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At Greenville Invite, Advanced JTT Players Enjoy Playing Team Tennis

February 1, 2016 03:53 PM

By Jonathon Braden, USTA South Carolina

GREENVILLE, S.C. – Every year, thousands of boys and girls play USTA Junior Team Tennis in South Carolina. But since 1990, when the national team tennis program was founded, one particular group in the state has largely passed on JTT: advanced players.

Those players, the theory goes, compete in too many tournaments to make time for JTT. They also allegedly don’t benefit from the program, which features weekly matches against similarly-skilled players, as much as beginning players do.

Last weekend, though, Ashlyn Cousins of the Greenville Junior Team Tennis program helped prove those theories wrong for the fourth consecutive year.

FURMAN_invite
About 120 boys and girls participated in the 4th Annual Upstate Advanced Team Tennis Invitational, which was held at Furman University last weekend. (USTA South Carolina photo)


At the 4th Annual Upstate Advanced Team Tennis Invitational, about 120 advanced boys and girls enjoyed playing on tennis teams with their peers. They rooted for each other in between matches, and they cheered each other up after disappointing contests.

The players said they appreciated playing on a team with their friends, as opposed to playing for just themselves and competing against their friends at a tournament. "I like this a lot because of the camaraderie," said Seth McMaster, a junior in high school who plays JTT on a team out of the Greenville County Pavilion Recreational Complex.

During team tennis, another player said, you still feel pressure to win like you do at a tournament. But with JTT, you share that pressure with your friends.

"The pressure is the same because you’re trying to win," said Taylor Parrott, a high school senior who plays team tennis out of the Kroc Center in Greenville. 
"(But) if you don’t win your match, someone else might win their match and we still might win."

Parents and coaches also preferred seeing their children and players work with others. "They learn how to share, how to care for each other," said Anibal Braga, the head tennis professional at the Kroc Center. "They learn you cannot accomplish anything on your own."

Cousins, the invite organizer, knew these well-worn benefits of team tennis when she started the invite four years ago. Cousins, who was then the Greenville JTT coordinator, created the invite because she wanted kids of all skill levels to play team tennis.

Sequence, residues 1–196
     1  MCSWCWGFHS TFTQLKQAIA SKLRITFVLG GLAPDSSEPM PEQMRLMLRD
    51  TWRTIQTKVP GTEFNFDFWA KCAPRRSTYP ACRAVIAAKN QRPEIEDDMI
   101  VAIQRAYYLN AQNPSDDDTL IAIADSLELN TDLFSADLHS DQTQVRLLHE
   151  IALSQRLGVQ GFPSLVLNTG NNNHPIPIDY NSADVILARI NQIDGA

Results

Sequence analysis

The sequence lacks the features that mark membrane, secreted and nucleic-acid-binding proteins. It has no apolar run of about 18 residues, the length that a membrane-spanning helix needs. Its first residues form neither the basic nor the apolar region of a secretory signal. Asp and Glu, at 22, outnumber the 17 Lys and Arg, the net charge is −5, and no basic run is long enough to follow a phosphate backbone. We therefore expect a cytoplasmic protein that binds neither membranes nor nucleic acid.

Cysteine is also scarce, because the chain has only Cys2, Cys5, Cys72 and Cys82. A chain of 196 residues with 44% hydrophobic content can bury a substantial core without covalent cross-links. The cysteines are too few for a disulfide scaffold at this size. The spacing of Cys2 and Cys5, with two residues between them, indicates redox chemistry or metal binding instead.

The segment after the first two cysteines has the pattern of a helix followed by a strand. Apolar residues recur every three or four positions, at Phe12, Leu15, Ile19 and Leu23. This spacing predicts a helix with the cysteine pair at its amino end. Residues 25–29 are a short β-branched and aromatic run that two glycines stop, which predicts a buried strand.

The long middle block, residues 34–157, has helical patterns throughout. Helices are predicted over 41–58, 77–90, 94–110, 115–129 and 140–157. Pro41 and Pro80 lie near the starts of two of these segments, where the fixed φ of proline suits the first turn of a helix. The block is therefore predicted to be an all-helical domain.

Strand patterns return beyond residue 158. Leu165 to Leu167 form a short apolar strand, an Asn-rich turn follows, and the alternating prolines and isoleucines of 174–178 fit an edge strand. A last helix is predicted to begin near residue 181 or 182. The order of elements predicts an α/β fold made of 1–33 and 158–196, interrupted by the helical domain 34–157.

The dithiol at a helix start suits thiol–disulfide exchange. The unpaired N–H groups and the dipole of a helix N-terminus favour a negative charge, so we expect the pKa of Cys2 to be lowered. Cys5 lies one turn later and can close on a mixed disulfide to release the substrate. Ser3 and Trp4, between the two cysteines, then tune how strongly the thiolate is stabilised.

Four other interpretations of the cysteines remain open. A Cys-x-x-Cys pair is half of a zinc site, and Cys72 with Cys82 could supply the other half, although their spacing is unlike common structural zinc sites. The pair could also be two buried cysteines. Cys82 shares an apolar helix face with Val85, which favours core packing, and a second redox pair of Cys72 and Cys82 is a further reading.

At the time, the Greenville JTT program had seasons for beginning and intermediate players. But no advanced players were participating in JTT seasons, which are typically six to eight weeks long and feature one match every weekend.

Advanced players usually compete in more weekend tournaments than other players, which can make the weekly JTT commitment hard to fulfill.

So Cousins sought and got approval from USTA South Carolina to host an advanced JTT season over three days. During one January weekend in 2012, she started play on a Friday night, hosted matches all day Saturday and finished everything on Sunday.

About 50 kids participated, and for the first time, advanced players enjoyed Greenville JTT. "This is the first time I’ve ever had friends in tennis," some kids told Cousins after that first year.

Since then, she’s added an entire age division – 10 and under – and now welcomes about 120 players to the invite. Advanced players also have started playing regular Greenville JTT seasons, too.

Cousins’ next goal is encouraging more JTT programs across the state to host advanced-level play so the Greenville teams have competition at the USTA South Carolina Junior Team Tennis State Championships, which are scheduled for July 22-24, 2016, in Florence.

The Greenville players and coaches also would enjoy the additional opportunities to play team tennis.

Late Saturday morning, McMaster had just finished his singles match and was watching his teammates prepare for their mixed doubles match. (Every JTT match has five contests: two singles, two doubles and one mixed doubles.)

McMaster had just recounted the differences between JTT and tournament play. But, he said, the two also have a similarity, which happens to be the reason he and his friends take the court in the first place.

About USTA Junior Team Tennis, he said: "It’s just extra experience to go out and play tennis."

 

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